German parliament rejects far-right deputy speaker candidate


BERLIN (AP) — Germany’s parliament has again rejected the far-right Alternative for Germany’s candidate for deputy speaker, prolonging a saga that has lasted over a year.

The parliament’s speaker, a job currently held by veteran conservative Wolfgang Schaeuble, usually has a deputy from each party in the chamber. Other parties agree that Alternative for Germany, which entered parliament last year, is entitled to supply a deputy speaker but haven’t given its candidates the required majority.

Lawmakers rejected its first candidate, Albrecht Glaser, in October 2017. They objected to comments in which Glaser suggested that freedom of religion shouldn’t apply to Islam.

Alternative for Germany recently nominated Mariana Harder-Kuehnel, a lawmaker with a relatively moderate reputation, for the job. But lawmakers Thursday rejected her second attempt to win approval by 377-241, with 41 abstentions.

The Western Journal has not reviewed this Associated Press story prior to publication. Therefore, it may contain editorial bias or may in some other way not meet our normal editorial standards. It is provided to our readers as a service from The Western Journal.

Truth and Accuracy

Submit a Correction →

We are committed to truth and accuracy in all of our journalism. Read our editorial standards.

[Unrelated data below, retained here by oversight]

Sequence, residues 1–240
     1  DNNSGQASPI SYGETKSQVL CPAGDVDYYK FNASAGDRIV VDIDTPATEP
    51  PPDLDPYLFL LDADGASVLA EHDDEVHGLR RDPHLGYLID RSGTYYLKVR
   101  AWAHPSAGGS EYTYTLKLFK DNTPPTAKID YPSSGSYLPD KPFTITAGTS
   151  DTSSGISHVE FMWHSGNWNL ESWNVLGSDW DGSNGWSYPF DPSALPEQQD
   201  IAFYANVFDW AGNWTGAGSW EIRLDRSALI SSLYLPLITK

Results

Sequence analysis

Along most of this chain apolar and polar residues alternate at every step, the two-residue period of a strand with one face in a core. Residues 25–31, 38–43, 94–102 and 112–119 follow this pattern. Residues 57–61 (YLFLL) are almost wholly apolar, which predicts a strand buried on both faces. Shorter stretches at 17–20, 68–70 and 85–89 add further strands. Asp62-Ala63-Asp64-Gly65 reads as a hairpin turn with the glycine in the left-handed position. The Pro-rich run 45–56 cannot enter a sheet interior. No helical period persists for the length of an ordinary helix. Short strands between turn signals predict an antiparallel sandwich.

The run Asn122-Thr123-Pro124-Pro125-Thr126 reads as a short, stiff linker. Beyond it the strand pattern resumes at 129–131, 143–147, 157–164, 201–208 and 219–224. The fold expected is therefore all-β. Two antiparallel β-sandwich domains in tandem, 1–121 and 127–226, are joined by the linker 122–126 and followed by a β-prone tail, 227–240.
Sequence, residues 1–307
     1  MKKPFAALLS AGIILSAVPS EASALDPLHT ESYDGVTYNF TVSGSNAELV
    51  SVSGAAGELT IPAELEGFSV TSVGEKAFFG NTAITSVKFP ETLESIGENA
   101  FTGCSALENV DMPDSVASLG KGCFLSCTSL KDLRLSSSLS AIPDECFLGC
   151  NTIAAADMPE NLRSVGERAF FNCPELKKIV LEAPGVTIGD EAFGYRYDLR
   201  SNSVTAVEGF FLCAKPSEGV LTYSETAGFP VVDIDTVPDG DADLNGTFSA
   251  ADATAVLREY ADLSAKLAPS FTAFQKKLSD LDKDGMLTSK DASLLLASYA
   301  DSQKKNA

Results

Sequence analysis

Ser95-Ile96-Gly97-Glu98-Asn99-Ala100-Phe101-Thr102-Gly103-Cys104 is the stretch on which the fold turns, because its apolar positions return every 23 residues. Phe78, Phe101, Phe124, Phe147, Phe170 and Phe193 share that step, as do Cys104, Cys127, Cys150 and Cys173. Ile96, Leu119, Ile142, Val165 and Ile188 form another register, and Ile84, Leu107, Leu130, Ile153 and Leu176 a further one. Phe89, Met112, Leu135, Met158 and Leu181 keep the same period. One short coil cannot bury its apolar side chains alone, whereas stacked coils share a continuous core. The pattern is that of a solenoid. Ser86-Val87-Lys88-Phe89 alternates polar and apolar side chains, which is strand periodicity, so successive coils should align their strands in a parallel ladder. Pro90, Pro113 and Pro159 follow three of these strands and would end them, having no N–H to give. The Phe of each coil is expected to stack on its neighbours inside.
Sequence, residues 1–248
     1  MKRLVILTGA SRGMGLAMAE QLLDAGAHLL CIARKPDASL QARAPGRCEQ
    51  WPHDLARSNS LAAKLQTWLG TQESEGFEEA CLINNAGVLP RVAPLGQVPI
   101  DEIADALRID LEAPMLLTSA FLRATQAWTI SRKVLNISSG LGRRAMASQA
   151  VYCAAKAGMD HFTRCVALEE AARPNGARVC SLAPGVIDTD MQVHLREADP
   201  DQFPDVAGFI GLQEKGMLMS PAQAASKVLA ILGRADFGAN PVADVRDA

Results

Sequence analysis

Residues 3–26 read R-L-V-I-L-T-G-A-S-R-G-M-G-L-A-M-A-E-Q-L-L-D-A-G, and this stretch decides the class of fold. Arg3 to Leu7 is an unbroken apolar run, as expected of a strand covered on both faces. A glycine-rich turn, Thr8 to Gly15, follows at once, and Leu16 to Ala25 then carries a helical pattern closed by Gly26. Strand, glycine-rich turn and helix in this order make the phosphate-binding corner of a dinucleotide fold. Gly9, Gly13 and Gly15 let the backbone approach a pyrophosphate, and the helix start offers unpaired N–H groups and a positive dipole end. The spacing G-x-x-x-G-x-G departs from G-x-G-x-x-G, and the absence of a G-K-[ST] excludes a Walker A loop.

The Associated Press is an independent, not-for-profit news cooperative headquartered in New York City. Their teams in over 100 countries tell the world’s stories, from breaking news to investigative reporting. They provide content and services to help engage audiences worldwide, working with companies of all types, from broadcasters to brands. Photo credit: @AP on Twitter
The Associated Press was the first private sector organization in the U.S. to operate on a national scale. Over the past 170 years, they have been first to inform the world of many of history's most important moments, from the assassination of Abraham Lincoln and the bombing of Pearl Harbor to the fall of the Shah of Iran and the death of Pope John Paul.

Today, they operate in 263 locations in more than 100 countries relaying breaking news, covering war and conflict and producing enterprise reports that tell the world's stories.
New York City